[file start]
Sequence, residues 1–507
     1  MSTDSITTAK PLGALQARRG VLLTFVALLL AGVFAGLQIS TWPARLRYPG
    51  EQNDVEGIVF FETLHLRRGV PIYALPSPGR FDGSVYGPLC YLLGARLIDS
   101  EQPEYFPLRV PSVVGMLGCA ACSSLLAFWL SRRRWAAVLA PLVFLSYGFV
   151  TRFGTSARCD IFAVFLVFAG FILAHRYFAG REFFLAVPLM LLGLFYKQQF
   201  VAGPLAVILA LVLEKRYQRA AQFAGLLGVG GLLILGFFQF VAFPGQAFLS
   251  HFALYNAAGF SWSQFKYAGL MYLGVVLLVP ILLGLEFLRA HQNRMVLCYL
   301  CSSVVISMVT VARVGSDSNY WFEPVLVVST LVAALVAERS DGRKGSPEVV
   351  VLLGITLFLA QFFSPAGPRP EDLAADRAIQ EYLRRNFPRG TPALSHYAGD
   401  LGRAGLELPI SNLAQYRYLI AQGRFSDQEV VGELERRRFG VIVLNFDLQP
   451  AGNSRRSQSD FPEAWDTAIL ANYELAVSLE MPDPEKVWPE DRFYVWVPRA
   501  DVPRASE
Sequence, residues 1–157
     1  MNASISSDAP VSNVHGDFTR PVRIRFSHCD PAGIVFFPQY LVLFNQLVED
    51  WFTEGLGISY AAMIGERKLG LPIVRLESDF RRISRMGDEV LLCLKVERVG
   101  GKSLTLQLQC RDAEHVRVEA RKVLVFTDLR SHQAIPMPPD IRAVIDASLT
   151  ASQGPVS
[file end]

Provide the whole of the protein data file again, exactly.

Sequence, residues 1–507
     1  MSTDSITTAK PLGALQARRG VLLTFVALLL AGVFAGLQIS TWPARLRYPG
    51  EQNDVEGIVF FETLHLRRGV PIYALPSPGR FDGSVYGPLC YLLGARLIDS
   101  EQPEYFPLRV PSVVGMLGCA ACSSLLAFWL SRRRWAAVLA PLVFLSYGFV
   151  TRFGTSARCD IFAVFLVFAG FILAHRYFAG REFFLAVPLM LLGLFYKQQF
   201  VAGPLAVILA LVLEKRYQRA AQFAGLLGVG GLLILGFFQF VAFPGQAFLS
   251  HFALYNAAGF SWSQFKYAGL MYLGVVLLVP ILLGLEFLRA HQNRMVLCYL
   301  CSSVVISMVT VARVGSDSNY WFEPVLVVST LVAALVAERS DGRKGSPEVV
   351  VLLGITLFLA QFFSPAGPRP EDLAADRAIQ EYLRRNFPRG TPALSHYAGD
   401  LGRAGLELPI SNLAQYRYLI AQGRFSDQEV VGELERRRFG VIVLNFDLQP
   451  AGNSRRSQSD FPEAWDTAIL ANYELAVSLE MPDPEKVWPE DRFYVWVPRA
   501  DVPRASE
Sequence, residues 1–157
     1  MNASISSDAP VSNVHGDFTR PVRIRFSHCD PAGIVFFPQY LVLFNQLVED
    51  WFTEGLGISY AAMIGERKLG LPIVRLESDF RRISRMGDEV LLCLKVERVG
   101  GKSLTLQLQC RDAEHVRVEA RKVLVFTDLR SHQAIPMPPD IRAVIDASLT
   151  ASQGPVS